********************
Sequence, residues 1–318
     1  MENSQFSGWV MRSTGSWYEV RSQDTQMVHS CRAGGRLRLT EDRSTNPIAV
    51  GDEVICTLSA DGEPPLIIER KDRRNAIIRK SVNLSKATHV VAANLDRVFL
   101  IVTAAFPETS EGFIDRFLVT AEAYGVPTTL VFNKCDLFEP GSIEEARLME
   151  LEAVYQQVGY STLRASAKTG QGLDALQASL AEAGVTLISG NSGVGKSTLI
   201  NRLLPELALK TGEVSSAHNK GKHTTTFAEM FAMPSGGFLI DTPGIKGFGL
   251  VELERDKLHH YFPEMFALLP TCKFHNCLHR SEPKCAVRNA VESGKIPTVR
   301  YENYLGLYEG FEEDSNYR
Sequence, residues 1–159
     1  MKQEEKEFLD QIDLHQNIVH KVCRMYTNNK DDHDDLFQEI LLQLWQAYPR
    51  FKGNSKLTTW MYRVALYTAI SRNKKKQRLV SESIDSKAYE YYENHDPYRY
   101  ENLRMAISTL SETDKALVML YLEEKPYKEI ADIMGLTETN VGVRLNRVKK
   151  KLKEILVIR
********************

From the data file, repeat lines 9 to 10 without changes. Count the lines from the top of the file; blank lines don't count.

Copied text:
Sequence, residues 1–159
     1  MKQEEKEFLD QIDLHQNIVH KVCRMYTNNK DDHDDLFQEI LLQLWQAYPR